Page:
Find out if you're eligible for Carer's Credit, how you can claim it and how it could affect your State Pension.
What is Carer's Credit?
Carer’s Credit is a National Insurance credit towards your State Pension when you're unable to make contributions yourself because you're caring for someone else.
Your National Insurance record determines if you’ve worked enough to earn the State Pension.
Figures from the Department of Work and Pensions estimates around 200,000 carers are eligible to claim Carer’s Credit, but only 17,388 actually did at the end of 2018, according to a Freedom of Information request by Quilter.
Am I eligible for Carer’s Credit?
First, we need to figure out if you’re actually eligible to claim.
To get Carer’s Credit, you must be aged between 16 and State Pension age and look after one or more people for at least 20 hours a week.
The person you're caring for must receive one of the following benefits:
- Disability Living Allowance (care component at the middle or highest rate);
- Attendance Allowance;
- Constant Attendance Allowance;
- Personal Independence Payment (the daily living component at the standard or enhanced rate);
- Armed Forces Independence Payment.
You may still be able to get Carer’s Credit even if the person you're caring for doesn't get one of the above benefits.
When you apply, fill in the 'Care Certificate' part of the application form and ask a health or social care professional to sign it.
You’re still eligible for Carer’s Credit if you take breaks from caring (for up to 12 weeks in a row), including taking a holiday, or if you or the person you’re caring for goes into hospital.
There’s one strange feature of this benefit: two people who fit the bill for Carer’s Credit can still be eligible by caring for each other.
What the difference between Carer’s Credit and Carer’s Allowance?
Carer’s Allowance is worth £66.15 a week for 2019/20. There's also a one-off tax-free £10 payment around Christmas.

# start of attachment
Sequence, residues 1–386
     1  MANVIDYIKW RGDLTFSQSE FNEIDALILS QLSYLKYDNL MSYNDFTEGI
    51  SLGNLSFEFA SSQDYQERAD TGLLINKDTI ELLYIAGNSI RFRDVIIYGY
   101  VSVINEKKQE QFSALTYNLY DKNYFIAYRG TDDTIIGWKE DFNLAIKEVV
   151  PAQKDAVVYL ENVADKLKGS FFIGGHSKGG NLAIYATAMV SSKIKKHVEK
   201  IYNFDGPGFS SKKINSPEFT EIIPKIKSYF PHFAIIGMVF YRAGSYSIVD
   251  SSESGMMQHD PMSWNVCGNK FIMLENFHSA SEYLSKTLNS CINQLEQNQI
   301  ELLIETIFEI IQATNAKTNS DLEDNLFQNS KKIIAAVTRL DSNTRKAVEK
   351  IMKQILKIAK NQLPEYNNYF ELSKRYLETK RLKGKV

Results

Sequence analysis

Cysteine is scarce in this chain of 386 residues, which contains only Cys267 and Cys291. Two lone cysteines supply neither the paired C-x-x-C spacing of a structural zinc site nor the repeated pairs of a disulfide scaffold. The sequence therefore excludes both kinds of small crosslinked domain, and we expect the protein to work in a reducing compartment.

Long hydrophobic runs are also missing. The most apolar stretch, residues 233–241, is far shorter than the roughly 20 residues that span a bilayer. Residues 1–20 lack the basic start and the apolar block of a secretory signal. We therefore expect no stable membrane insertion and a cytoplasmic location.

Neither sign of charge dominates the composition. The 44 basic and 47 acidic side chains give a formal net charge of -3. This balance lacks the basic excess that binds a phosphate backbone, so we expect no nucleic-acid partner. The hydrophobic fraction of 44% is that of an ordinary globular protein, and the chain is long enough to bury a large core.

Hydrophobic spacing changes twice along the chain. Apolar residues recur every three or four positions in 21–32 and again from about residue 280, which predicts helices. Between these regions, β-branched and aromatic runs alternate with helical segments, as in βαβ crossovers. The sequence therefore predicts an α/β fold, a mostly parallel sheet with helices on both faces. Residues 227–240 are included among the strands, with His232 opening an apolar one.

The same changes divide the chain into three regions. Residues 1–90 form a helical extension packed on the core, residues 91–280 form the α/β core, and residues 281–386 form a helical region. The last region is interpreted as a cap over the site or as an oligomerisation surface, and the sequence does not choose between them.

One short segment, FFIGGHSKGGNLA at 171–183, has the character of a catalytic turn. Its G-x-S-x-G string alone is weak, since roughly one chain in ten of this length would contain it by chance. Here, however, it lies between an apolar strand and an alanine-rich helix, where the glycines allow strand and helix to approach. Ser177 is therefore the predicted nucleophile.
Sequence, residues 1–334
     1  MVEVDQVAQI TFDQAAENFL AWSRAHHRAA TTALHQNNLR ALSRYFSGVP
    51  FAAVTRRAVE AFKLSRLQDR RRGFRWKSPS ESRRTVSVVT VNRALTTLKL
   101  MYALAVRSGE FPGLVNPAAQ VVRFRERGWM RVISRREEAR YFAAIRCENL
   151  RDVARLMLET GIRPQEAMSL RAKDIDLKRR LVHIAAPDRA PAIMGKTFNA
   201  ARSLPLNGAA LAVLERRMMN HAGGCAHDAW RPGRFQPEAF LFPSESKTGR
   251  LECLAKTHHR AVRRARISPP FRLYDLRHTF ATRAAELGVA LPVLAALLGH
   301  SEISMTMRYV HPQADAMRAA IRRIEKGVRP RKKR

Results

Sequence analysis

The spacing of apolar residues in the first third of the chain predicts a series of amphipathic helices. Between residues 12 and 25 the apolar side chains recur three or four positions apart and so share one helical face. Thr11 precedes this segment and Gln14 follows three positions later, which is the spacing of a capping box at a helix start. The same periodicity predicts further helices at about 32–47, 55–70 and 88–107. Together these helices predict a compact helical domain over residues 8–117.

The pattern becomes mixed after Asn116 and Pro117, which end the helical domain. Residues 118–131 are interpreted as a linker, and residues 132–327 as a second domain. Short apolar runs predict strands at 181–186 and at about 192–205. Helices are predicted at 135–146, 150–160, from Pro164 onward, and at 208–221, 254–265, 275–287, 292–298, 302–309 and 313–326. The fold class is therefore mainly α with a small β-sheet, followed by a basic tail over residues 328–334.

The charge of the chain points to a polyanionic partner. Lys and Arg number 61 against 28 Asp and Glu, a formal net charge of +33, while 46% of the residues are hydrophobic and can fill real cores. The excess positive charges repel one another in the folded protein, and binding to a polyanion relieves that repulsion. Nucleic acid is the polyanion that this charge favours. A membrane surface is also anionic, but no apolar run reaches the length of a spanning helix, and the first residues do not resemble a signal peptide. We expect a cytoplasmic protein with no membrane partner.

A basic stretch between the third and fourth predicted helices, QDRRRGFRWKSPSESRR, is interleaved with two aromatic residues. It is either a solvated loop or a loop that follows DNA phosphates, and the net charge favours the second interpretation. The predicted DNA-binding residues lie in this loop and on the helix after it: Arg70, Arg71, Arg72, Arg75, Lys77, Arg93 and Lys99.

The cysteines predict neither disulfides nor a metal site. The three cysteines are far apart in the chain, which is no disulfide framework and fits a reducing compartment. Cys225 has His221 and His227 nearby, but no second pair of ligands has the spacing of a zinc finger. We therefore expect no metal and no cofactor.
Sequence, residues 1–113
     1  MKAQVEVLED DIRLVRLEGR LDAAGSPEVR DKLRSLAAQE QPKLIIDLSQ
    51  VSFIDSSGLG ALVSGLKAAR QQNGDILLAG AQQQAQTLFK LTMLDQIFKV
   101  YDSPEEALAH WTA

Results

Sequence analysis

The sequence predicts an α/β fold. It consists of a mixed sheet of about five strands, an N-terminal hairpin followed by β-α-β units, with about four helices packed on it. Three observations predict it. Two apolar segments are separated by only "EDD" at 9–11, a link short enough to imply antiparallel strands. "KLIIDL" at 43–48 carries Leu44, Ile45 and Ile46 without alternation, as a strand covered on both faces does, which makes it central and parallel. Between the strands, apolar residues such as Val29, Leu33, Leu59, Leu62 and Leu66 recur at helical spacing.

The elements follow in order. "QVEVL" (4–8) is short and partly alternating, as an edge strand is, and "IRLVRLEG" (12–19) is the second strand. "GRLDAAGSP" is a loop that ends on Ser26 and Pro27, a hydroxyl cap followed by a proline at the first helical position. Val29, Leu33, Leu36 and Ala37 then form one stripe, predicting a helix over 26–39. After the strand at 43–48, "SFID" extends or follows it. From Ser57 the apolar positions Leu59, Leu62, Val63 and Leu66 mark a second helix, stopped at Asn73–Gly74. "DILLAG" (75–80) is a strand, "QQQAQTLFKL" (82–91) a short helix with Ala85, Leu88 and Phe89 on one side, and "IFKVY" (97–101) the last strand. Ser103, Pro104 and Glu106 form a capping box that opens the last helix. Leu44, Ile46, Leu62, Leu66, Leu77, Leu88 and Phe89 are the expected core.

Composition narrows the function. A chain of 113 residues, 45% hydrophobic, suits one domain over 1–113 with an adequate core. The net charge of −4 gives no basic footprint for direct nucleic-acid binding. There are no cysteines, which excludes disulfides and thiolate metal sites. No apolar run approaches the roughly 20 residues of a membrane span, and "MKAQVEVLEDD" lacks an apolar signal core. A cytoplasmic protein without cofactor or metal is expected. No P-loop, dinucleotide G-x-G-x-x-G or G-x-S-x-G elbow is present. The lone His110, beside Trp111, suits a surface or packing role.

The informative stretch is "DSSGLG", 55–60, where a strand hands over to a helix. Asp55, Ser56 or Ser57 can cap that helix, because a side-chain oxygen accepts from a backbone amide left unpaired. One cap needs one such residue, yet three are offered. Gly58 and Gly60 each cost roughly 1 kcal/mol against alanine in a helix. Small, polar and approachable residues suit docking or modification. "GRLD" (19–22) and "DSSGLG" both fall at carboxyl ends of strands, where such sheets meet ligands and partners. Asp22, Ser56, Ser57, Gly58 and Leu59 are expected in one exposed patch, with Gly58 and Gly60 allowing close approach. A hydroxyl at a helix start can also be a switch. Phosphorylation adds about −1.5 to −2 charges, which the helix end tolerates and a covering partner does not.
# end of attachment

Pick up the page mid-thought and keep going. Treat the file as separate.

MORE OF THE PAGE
You’ll get the main allowance of £66.15 a week if you care for someone for at least 35 hours a week, even if you aren’t related to them or live with them.
Carer’s Credit is different as it’s a National Insurance credit that helps with gaps in your National Insurance record.
If you’re eligible and receive Carer’s Allowance, you’ll automatically get National Insurance credits, so you won’t need to also apply for Carer's Credit.
To learn more about the Carer's Allowance and how it works, take a look at this guide.
If you don’t get Carer’s Allowance but you do care for someone, it’s worth applying for Carer’s Credit.
It’s just a case of filling out an application. Download a form or ring up 0800 731 0297 to get one.
Once it’s complete, post it to the Carer's Allowance Unit:
Carer's Allowance Unit
Mail Handling Site A
Your application must be received before the end of the tax year following the tax year to which the credits are for.
For example, a claim for the 2019/2020 tax year must be made by April 2021.
You can backdate it to the start of the previous tax year, even if the person you were caring for has died or no longer needs care. Your best bet to claim this is to get in touch with the Carer’s Allowance Unit on 0800 731 0297.
What other help is out there?
As part of the Care Act 2014, carers have a right to request a ‘carer’s assessment’ from their local authority.
The assessment is carried out by a professional from your local council who will work out how being a carer affects your life and how it can make things a little easier for you.
For more support, carers in England can call the NHS Carers Direct helpline on 0300 123 1053 (open between 9am and 8pm Monday-Friday, and from 11am to 4pm at weekends).
Alternatively, Carers UK has a free advice line on 0808 808 7777 (open Mondays and Tuesdays between 10am and 4pm).
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